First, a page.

National's next leader?

Yesterday’s post dealt with the heavy weights. Today’s looks at the up and coming ministers.

Jonathan Coleman – Head boy of Auckland Grammar so a real talent. Perhaps hasn’t made as much impact in parliament as expected but hasn’t been noticed in a portfolio pinkos get excited about so must be doing a good job.

Pros

  • Good operator, sensible and not too prone to making mistakes, following the Helen Clark approach of not pissing anyone off
  • Solid performer since entering parliament

Cons

  • Mate of McCully
  • Got whacked in a tobacco company corporate box when at a concert with Simon Power
  • Hasn’t really registered on the public consciousness
  • Hasn’t made friends with enough MPs to get half of caucus to vote for him

Paula Bennett – A top notch operator who is proving she is electable by winning a seat that is red. Labour no longer go her in the house because she smacks back hard.

Pros

  • Very electable, very likable and bloody hard working on the campaign trail
  • Hunts pigs
  • Great personal story meaning she can say to bludgers “I’ve done it so why can’t you”

Cons

  • Mate of McCully
  • Hasn’t hunted pigs for ages and has weight issues related to not charging around the bush after some dogs and carrying out pigs
  • Needs to stop wearing haute couture and stick to  leopard skin
  • Following the McCully theory hasn’t really done enough with other members of caucus to get them to vote for her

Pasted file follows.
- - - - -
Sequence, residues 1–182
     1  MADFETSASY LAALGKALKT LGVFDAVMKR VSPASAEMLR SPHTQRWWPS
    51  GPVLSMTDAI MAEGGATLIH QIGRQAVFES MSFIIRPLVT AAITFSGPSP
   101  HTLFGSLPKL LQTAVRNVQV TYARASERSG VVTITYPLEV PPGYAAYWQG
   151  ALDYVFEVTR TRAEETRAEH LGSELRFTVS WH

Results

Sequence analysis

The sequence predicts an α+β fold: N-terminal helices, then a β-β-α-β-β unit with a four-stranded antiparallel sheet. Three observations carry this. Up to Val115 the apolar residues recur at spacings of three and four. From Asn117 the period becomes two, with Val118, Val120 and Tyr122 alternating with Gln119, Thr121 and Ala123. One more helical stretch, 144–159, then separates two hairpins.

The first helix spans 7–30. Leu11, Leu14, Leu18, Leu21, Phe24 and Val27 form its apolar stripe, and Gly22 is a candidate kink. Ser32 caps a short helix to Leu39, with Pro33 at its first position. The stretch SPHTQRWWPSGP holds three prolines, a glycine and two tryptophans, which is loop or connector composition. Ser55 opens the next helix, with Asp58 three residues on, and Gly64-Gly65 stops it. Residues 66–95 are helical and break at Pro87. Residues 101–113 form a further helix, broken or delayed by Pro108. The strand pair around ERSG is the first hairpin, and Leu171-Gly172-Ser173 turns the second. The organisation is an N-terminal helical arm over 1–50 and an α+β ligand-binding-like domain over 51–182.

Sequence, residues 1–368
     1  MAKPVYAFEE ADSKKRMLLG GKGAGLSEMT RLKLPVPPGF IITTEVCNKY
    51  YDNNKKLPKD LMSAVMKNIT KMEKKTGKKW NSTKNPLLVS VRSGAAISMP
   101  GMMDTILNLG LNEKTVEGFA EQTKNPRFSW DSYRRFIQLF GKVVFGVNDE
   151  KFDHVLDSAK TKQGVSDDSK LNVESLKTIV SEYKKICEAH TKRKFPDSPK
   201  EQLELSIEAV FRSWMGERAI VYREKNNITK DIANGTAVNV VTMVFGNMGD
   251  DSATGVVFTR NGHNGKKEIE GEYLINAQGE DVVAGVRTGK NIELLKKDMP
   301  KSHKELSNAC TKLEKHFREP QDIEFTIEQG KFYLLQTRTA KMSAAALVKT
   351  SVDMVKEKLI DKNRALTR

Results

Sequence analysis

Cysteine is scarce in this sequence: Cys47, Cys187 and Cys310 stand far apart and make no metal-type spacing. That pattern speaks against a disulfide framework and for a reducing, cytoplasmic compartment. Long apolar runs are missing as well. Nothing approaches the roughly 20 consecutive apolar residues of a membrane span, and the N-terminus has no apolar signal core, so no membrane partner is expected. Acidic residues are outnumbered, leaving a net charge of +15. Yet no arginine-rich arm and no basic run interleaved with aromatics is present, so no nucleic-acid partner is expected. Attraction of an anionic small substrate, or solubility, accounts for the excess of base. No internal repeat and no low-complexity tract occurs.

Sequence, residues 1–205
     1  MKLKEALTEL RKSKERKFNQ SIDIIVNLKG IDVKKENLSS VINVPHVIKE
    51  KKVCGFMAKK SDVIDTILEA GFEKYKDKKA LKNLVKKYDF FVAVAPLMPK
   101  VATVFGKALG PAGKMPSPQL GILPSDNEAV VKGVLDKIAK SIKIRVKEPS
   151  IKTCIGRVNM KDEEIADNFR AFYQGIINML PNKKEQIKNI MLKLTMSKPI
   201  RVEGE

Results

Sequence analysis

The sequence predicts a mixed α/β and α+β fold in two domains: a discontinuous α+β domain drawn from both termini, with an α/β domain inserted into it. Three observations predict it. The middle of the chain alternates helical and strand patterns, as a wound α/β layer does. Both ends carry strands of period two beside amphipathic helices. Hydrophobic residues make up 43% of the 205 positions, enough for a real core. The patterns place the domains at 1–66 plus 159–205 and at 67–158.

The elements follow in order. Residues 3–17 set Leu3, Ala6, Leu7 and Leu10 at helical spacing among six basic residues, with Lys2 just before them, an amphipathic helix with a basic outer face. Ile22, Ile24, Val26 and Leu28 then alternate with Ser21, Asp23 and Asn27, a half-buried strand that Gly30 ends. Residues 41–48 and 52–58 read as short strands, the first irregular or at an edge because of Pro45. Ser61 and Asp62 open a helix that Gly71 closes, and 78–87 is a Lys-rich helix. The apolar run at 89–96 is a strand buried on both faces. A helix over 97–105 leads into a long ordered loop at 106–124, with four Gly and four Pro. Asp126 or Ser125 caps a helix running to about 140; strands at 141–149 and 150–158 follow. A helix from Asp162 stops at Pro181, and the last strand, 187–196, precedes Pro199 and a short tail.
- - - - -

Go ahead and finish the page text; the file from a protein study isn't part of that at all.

• Not many pig hunters are major donors to the National Party

Nathan Guy – A good keen man who has a lot of friends in National.

Pros

  • lots of mates, always good to have a beer with unless his missus tells him to come home
  • wins a lot of votes through hard work and being a good bloke
  • reminds long time National members of a young Jim Bolger
  • Runs a good electorate operation and is regarded as having the best interests of National at heart

Cons

  • Eyebrows
  • Wears Parliamentary Rugby Team blazer when he is long retired
  • Not much profile with the public and limited chances to raise his profile
  • Former councillor so might get the local government portfolio

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As much at home writing editorials as being the subject of them, Cam has won awards, including the Canon Media Award for his work on the Len Brown/Bevan Chuang story.  And when he’s not creating the news, he tends to be in it, with protagonists using the courts, media and social media to deliver financial as well as death threats.

They say that news is something that someone, somewhere, wants kept quiet.   Cam Slater doesn’t do quiet, and as a result he is a polarising, controversial but highly effective journalist that takes no prisoners.

He is fearless in his pursuit of a story.

Love him or loathe him.  But you can’t ignore him.

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